10. 10. Poultry BEST Poultry raised on pasture, roaming and grazing, with room to peck and eat bugs. The birds’ feed should be organic, all-vegetarian feed; this ensures that they are not eating animal by-products. Their food should also be free of antibiotics. AVOID Factory-farmed poultry raised in unsanitary and inhumane condi- tions, like tiny cages or huge, overcrowded barns. Because birds want to peck, farmers debeak them so that they won’t peck one another in their packed cages. These chickens are fed conventional grain feed, which sometimes contains animal by-products or GMO grains, as well as antibiotics to help them fight off the illnesses brought on by theirIn sullen moments I blame almost everything on the vertical integration of the broiler industry. — Calvin Trillin unsanitary living conditions.fact questions to askEggs from free-range hens have more folic acid and vitamin B12—both of which promote healthy skin—than eggsfrom caged hens raised on factory farms. Best Good Avoid What do your birds eat? Are They graze outside every day (in All-vegetarian feed with no Conventional grain feedhelpful hints they organic? season and weather permitting) antibiotics, and they graze outside (contains antibiotics and animal and eat certified organic feed every day by-products) raised in a cage or Certified organic feed, with out- crowded barnFree-range birds tend to vary in size compared with industrially raised birds. For example, one case of free-range door accessboneless chicken breasts may contain breasts that range in size from three to seven ounces. When developing Are the birds ever given anti- Never given antibiotics No routine antibiotics, only when a Routine antibiotic usagerecipes, use chicken parts by weight rather than by piece to have more accuracy in production and ordering. Large biotics? flock is sickcutlets could be filleted to meet the appropriate portion size, or chicken could be sliced rather than using wholebreasts. Are your chickens free-range Yes, they spend a good portion of Yes, they have access to outdoors* Yes, but they “prefer” to stay in or cage-free? every day outside grazing on grass the barnBeware of chicken breast overkill: Cuts like thighs and legs are cheaper and can be braised or roasted for large- and pecking dirt No, they are caged or in a crowded barnscale production. Using these parts also gives you an opportunity to show students through your menu that thereis more to chicken than just the breast. Are your birds debeaked? No debeaking Yes Certified humane beak trimming Where is your farm located? Locally Regional International National What size is your farm? Family farm Large corporate farm Who owns and operates it? Small/mid-sized farm Monoculture/agribusiness Cooperative of small farms What are your labor practices/ Livable wages Below minimum wage pay policies? Proper washing facilities Unsafe work conditions Proper safety conditions and train- Lack of washing facilities ing (OSHA) Employee benefits/perks *See Glossary for details, and ask more questions to determine actual farming practices. 18 19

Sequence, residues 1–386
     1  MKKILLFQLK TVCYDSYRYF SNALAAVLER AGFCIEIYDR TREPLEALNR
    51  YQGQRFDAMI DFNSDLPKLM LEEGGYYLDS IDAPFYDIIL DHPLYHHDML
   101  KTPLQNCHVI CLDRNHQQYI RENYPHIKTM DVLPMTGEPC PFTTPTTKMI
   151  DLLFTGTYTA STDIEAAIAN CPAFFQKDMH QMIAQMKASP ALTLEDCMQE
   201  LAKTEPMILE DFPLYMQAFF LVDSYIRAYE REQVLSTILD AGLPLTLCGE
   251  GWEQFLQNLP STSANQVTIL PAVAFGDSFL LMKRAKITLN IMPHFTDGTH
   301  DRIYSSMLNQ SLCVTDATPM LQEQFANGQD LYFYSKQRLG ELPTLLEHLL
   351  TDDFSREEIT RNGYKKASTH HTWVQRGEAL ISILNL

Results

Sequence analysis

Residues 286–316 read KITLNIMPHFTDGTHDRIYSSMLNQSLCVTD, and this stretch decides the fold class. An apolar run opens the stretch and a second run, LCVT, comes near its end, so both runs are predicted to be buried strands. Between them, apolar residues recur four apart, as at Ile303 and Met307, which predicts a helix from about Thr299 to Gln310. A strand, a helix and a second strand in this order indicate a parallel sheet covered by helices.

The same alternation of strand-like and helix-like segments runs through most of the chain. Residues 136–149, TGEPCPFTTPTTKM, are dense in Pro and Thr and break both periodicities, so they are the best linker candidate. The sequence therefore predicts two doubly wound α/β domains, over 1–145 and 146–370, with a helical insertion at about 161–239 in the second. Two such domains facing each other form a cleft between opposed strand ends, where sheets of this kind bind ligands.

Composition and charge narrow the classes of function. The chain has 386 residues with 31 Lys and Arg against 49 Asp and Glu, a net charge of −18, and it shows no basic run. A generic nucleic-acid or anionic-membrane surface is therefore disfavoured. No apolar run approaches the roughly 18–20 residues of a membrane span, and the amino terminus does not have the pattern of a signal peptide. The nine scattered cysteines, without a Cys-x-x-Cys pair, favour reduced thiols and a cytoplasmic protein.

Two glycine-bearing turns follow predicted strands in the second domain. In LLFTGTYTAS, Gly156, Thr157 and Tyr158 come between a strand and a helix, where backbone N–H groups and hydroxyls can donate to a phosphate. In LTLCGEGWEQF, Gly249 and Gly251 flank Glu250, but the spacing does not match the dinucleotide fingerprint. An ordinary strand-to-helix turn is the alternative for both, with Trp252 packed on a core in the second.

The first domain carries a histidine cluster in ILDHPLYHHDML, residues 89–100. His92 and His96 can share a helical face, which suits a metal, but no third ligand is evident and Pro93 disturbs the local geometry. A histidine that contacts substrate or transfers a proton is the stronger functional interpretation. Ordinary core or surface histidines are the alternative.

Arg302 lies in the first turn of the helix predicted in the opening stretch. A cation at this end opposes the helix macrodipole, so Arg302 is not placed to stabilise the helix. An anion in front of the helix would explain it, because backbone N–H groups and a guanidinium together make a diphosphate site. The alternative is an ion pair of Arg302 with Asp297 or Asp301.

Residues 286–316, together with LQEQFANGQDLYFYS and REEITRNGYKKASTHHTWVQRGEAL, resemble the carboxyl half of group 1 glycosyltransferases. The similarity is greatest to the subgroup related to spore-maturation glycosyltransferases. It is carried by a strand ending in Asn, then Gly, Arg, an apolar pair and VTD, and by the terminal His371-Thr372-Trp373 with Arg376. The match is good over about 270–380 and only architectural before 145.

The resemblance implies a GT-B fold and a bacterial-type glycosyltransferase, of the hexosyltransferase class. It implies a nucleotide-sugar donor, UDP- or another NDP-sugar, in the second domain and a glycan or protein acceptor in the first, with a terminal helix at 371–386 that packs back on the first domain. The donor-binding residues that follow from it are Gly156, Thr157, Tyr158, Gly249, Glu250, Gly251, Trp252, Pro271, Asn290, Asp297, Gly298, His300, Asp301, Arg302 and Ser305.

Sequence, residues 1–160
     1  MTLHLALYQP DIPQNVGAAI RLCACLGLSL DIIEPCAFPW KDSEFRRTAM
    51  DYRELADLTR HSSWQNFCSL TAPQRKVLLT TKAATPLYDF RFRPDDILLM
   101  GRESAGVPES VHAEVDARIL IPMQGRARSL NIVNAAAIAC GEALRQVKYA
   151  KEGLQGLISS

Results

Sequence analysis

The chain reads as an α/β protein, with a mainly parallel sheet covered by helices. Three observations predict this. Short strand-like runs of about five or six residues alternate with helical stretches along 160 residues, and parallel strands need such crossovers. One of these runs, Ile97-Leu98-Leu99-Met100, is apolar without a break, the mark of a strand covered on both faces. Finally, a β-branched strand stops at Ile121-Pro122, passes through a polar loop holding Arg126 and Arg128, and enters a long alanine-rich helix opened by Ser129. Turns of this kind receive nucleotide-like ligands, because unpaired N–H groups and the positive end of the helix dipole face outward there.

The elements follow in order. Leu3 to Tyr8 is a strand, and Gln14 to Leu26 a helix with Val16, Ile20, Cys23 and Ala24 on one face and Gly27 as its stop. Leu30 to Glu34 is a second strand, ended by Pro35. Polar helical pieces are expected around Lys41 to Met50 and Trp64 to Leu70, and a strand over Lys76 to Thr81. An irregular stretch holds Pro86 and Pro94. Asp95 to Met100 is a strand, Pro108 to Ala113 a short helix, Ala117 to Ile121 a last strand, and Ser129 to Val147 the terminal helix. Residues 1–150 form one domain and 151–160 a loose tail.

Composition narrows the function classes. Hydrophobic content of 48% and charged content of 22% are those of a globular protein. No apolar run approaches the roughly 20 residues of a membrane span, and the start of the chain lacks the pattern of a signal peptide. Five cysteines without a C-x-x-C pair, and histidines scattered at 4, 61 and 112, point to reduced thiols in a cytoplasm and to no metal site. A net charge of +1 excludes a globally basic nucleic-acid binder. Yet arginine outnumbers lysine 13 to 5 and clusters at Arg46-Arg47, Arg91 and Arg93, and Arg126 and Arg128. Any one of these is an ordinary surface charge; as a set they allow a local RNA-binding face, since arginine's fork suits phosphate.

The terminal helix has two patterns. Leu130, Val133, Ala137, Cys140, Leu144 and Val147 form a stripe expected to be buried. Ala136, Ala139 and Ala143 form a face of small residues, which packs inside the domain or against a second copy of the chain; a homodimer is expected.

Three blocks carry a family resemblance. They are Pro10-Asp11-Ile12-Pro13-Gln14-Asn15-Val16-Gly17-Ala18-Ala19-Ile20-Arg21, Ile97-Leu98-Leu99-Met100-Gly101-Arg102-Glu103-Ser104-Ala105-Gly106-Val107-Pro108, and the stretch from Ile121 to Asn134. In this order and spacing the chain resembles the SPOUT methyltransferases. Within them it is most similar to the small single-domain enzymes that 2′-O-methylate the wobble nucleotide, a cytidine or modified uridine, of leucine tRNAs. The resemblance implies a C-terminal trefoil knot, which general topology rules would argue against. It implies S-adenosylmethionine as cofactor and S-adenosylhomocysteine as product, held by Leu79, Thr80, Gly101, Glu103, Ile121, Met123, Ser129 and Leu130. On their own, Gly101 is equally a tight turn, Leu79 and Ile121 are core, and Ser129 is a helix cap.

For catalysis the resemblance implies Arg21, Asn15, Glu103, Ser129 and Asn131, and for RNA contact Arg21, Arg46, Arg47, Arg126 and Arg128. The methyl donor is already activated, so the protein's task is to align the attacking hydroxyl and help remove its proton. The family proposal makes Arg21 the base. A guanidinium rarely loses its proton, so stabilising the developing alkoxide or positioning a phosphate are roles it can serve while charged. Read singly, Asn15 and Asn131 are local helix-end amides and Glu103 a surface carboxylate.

11. 11. Beef Lamb BEST Cows and lambs are meant to graze on grass and to be outdoors year round. Their pasture should be free from chemical sprays. In winter months, they may be fed silage or bailage, since snow cover makes graz- ing impossible. They should not be routinely fed antibiotics or growth hormones. Any additional feed they receive should be organic. In this AVOID Conventionally grown beef, beef that is grain fed, and beef from feed- lots. Cows in CAFOs eat a diet that is designed to be cheap and to fatten them up quickly; they eat mostly grain and are routinely given growth hormones and antibiotics. These diets might also include animal by- products (the remains of other animals). In this system, manure (which system, manure is a source of fertility and is used to fertilize pasture is contaminated by the animals’ unnatural diet and the antibiotics andIf humane treatment and animal health are the focus of the producer, most of the other best practices will rather than collecting in lagoons that pollute the air, surface water, and growth hormones given to the animals) is a waste product and collects ground water. in lagoons.follow suit. — Craig Haney, Stonebarns Center for Food and Agriculturefacts questions to ask“Compared to grain-fed meat, grass-fed meat is lower in saturated fat and higher in omega-3 fatty acids, vitaminE, and conjugated Linoleic Acid (CLA), a nutrient associated with lowered cancer risk.” Best Good Avoid— www.sustainabletable.org What do your herds eat? Grass (AGA certified grass-fed) Fresh pasture, hay and grain Conventional grain feed Pasture (grasses) USDA-certified grass-fed (contains antibiotics and animalCow and lamb stomachs are made to eat grass, not grain. Grain fattens cows and lambs up more quickly but also Pasture hay and grain silage in by-products)changes the acidity in their stomachs, leading to the presence of E. coli bacteria 0157:H7, which can cause severe winter)illness or death in humans. Crowded, unsanitary conditions in feedlots where animals are often knee-deep in What percentage of their All Half Nonemanure mean that manure (and E. coli) gets on animal hides. At slaughterhouses, the manure and E. coli are spread diet comes from grazing on Most, except when season doesfrom the hides to the meat itself. pasture? not permithelpful hints Are cattle given growth hor- No growth hormones Antibiotics only if an animal is sick Routine growth hormone usage mones or antibiotics? No antibiotics Routine antibiotic usage Antibiotics mixed into feedFarmers may be able to sell expensive cuts like tenderloin to restaurants and retailers but have a hard timemoving less costly cuts of meat. Offer to use the rest of the animal and incorporate the cheaper cuts into your Where is your farm located? Locally Regional International Nationalmenus. These cuts tend to be more flavorful and better suited to institutional markets. For instance, manyfarmers have ground beef in excess and will make purchasing deals if you can buy it in bulk. Incorporate it into What size is your farm? Family farm Large corporate farmthe burgers, meatloaf, lasagna, and tacos on your menu. Who owns and operates it? Small/mid-sized farm Monoculture/agribusiness Cooperative of small farmsDeli meats: Deli meats often have added preservatives and other artificial ingredients. Look for deli meats free of What are your labor practices/ Livable wages Below minimum wage paynitrates, sodium benzonate, corn syrup, artificial colors, or flavors. Be wary of phrases like “natural flavors,” which policies? Proper washing facilities Unsafe work conditionsoften mean very little. Proper safety conditions and train- Lack of washing facilities ing (OSHA)Grass-finished or grain-finished: Try to find animals that are grass fed and grass finished. Know that the best Employee benefits/perksgrass-finished beef is available only during the grazing season (late spring, summer, and early fall). During the rest *See Glossary for details, and ask more questions to determine actual farming practices.of the year, animals are finished on grain, which adds some fat to the meat. If you can only find animals that aregrass fed and grain finished, look for animals that have been grain finished for as short a time as possible (thiswill usually mean the last 60 to 90 days of the animals’ feeding period) by small or mid-sized farmers. Find outwhat the finish diet is composed of; a good producer will feed cows a finish diet that is 50% forage (grass based).Be wary if the finish diet is 80% to 90% grain. Conventional beef production takes calves that began their life onpasture and brings them to confinement feedlots, where they are brought to weight on grain. It is possible to spinthis process and describe it as “grass fed, grain finished.”We believe that there is a difference between a conventional beef operation that does this and a local, mid-sizedgrass-based grower who, for the last six weeks of a cow’s life, incorporates grain into its diet. Although the grass-fed, grass-finished diet is the gold standard, it may not be practical in all parts of the country. The best advice is toknow your farmer and understand what works best for your local agricultural community. 20 21